Conversely, there are also species in which there is no sexual specialization, and the same individuals both contain masculine and feminine reproductive organs, and they are called hermaphrodites. The reason for the evolution of sex, and the reason(s) it has survived to the present, are still matters of debate.
Some of the many plausible theories include: that sex creates variation among offspring, sex helps in the spread of advantageous traits, that sex helps in the removal of disadvantageous traits, and that sex facilitates repair of germ-line DNA.
Life has evolved from simple stages to more complex ones, and so have the reproduction mechanisms.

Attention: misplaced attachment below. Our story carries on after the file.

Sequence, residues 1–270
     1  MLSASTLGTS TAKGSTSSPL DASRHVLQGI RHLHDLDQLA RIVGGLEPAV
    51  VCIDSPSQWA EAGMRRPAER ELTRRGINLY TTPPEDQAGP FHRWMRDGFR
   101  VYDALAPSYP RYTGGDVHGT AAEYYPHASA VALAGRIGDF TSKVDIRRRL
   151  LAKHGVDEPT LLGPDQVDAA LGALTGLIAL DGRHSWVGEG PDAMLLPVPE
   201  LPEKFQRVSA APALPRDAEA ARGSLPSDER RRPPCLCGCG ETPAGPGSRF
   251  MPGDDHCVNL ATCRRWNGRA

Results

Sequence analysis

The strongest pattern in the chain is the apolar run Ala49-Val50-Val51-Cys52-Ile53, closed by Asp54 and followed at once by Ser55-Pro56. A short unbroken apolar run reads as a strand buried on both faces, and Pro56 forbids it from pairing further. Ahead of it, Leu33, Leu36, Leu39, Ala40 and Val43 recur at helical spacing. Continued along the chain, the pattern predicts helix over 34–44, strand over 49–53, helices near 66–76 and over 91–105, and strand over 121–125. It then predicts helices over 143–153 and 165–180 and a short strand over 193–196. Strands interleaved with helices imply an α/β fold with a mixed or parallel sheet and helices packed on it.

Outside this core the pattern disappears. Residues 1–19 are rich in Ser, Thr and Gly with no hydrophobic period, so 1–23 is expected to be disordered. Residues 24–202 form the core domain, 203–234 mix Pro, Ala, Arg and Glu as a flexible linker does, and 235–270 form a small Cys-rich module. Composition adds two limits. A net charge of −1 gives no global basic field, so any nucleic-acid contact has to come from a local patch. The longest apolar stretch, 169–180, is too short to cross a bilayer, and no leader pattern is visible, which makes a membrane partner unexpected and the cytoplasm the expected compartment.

Our speakers were outstanding and thanks to Lindsay Mazepa and BCIT, the 11 posters on the walls of the room were impressive!
Congratulations to the Winner of the 2017 Student Poster Award – Kyley Cross: "A Promising new Way to Interpret: Using Simultaneous Electroencephalography and Near-Infrared Spectroscopy.” All other poster titles and participants will be printed in the next edition of the CAET Newsletter.
Typically, prior to an asexual division, a cell duplicates its genetic information content, and then divides. In sexual reproduction, there are special kinds of cells that divide without prior duplication of its genetic material, in a process named meiosis.
The resulting cells are called gametes, and contain only half the genetic material of the parent cells.